MIM-104 Patriot

The MIM-104 Patriot is a surface-to-air missile (SAM) system, the primary of its kind used by the United States Army and several allied nations. It is manufactured by the Raytheon Company of the United States, and derives its name from the Radar component of the weapon system. The AN/MPQ-53 at the heart of the system is known as the "Phased Array Tracking Radar to Intercept On Target" or the acronym PATRIOT. The Patriot System replaced the Nike Hercules system as the U.S. Army's primary High to Medium Air Defense (HIMAD) system, and replaced the MIM-23 Hawk system as the U.S. Army's medium tactical air defense system. In addition to these roles, Patriot has been given the function of the U.S. Army's anti-ballistic missile (ABM) system, which is now Patriot's primary mission.

Patriot uses an advanced aerial interceptor missile and high performance radar systems. Patriot was developed at Redstone Arsenal in Huntsville, Alabama, which had previously developed the Safeguard ABM system and its component Spartan and Sprint missiles. The symbol for Patriot is a drawing of a Revolutionary War-era Minuteman.

Patriot systems have been sold to Taiwan, Egypt, Germany, Greece, Israel, Japan, Kuwait, the Netherlands, Saudi Arabia, United Arab Emirates, Jordan and Spain. Poland hosts training rotations of a battery of U.S. Patriot launchers. It was first deployed in Morąg in 24 May 2010 but has since been moved to Toruń and Ustka. South Korea also purchased several second-hand Patriot systems from Germany after North Korea test-launched ballistic missiles to the Sea of Japan and proceeded with underground nuclear testing in 2006. On 4 December 2012, NATO authorized the deployment of Patriot missile launchers in Turkey to protect the country from missiles fired in the civil war in neighboring Syria.

In August 2013, Raytheon and Rafael Advanced Defense Systems began to seek funding for a fourth-generation Patriot intercepting system, called the Patriot Advanced Affordable Capability-4 (PAAC-4). The system aims to integrate the Stunner interceptor from the jointly-funded David's Sling program with Patriot PAC-3 radars, launchers, and engagement control stations. The two-stage, multimode seeking Stunner would replace single-stage, radar-guided PAC-3 missiles produced by Lockheed Martin. Government and industry sources claim the Stunner-based PAAC-4 interceptors will offer improved operational performance at 20 percent of the $2 million unit cost of the Lockheed-built PAC-3 missiles. The companies are seeking $20 million in U.S. government funding to demonstrate cost and performance claims through a prototype PAAC-4 system. Israeli program officials have said that a previous teaming agreement between Raytheon and Rafael would allow the U.S. company to assume prime contractor status, and produce at least 60 percent of the Stunner missile in the United States. The Missile Defense Agency has said that the U.S. Army is considering use of the Stunner as a potential solution to future U.S. military requirements.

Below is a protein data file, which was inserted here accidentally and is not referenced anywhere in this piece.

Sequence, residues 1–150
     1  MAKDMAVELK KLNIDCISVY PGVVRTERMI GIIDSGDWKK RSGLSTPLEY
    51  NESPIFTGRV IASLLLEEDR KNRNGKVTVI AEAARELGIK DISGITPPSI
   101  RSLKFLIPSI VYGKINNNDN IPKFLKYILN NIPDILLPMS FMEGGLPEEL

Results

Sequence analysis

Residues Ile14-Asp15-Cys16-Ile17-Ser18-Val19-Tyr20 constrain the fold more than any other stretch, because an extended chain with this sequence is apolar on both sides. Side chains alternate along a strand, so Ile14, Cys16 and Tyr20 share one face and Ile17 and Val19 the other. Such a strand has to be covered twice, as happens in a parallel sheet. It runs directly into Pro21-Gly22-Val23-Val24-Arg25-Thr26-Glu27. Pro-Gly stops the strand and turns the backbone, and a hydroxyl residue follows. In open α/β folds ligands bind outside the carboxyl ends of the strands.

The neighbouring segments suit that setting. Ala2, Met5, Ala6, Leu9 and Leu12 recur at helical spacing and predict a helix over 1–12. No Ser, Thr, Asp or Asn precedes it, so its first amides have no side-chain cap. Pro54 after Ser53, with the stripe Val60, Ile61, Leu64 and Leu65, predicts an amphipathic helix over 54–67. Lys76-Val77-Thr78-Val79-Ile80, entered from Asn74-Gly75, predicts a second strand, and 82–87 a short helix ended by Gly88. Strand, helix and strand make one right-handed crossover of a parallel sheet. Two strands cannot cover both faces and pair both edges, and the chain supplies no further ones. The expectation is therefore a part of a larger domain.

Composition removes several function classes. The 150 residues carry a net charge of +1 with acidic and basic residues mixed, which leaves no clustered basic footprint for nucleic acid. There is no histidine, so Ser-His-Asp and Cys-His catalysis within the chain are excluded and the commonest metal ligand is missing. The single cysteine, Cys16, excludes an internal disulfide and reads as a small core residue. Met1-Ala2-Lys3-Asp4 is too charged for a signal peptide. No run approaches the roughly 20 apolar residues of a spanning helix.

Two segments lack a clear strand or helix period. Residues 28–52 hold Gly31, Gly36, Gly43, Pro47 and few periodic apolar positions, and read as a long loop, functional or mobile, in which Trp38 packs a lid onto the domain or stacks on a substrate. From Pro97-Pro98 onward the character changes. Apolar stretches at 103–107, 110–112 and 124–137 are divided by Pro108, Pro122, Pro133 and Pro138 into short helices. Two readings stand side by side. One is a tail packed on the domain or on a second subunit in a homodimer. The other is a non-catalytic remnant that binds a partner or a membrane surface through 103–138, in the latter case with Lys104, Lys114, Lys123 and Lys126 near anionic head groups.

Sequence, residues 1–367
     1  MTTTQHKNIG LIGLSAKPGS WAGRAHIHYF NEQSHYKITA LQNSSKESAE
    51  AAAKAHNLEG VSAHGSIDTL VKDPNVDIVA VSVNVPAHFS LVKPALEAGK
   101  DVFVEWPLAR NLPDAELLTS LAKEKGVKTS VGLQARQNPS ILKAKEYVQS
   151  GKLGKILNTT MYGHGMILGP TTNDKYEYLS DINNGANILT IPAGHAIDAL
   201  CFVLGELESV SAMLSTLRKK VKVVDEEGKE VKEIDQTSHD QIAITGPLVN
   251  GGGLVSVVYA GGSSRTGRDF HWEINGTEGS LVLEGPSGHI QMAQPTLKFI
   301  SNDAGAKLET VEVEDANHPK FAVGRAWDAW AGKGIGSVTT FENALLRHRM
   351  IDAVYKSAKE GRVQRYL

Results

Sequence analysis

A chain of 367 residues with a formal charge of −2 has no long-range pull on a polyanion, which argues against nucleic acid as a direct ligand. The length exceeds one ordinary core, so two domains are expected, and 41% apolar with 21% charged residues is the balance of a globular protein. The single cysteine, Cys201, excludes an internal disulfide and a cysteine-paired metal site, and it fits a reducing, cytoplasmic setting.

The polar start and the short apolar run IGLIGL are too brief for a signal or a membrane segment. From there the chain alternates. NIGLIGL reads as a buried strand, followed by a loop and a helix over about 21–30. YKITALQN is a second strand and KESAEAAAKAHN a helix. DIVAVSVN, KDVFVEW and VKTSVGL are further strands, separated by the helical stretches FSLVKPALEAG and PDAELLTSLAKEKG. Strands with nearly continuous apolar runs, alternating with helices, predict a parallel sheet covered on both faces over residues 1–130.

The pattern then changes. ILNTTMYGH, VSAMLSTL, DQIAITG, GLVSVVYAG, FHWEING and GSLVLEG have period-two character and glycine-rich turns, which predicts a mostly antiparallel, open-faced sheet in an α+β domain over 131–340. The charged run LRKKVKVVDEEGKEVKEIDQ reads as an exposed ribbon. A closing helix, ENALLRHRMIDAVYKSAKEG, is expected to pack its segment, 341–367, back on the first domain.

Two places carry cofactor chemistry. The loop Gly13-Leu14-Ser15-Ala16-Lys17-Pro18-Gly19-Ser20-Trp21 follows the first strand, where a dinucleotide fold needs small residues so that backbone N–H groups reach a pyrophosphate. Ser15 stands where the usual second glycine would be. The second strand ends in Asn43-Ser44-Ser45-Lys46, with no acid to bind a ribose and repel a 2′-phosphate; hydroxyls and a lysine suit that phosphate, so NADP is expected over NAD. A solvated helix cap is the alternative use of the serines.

Specifications (PAC-1)
Weight 700 kg (1,500 lb)
Length 5,800 mm (19 ft 0 in)
Diameter 410 mm (16 in)
Warhead M248 Composition B HE blast/fragmentation with two layers of pre-formed fragments and Octol 75/25 HE blast/fragmentation
Warhead weight 200 lb (90 kg)
Detonation
mechanism
Proximity fuze
Wingspan 920 mm (3 ft 0 in)
Propellant Solid-fuel rocket
Operational
range
PAC - 1 :70 km
PAC - 2 :160 km
PAC - 3 :20 km against ballistic missile
Flight altitude 79,500 feet (24,200 m), 275,500 feet (84,000 m) only PAC - 1 launched from F-15C (never finished)
Speed Mach 5.0
Guidance
system
Radio command with Track Via Missile semi-active homing
Launch
platform
mobile trainable four-round semi-trailer

Source

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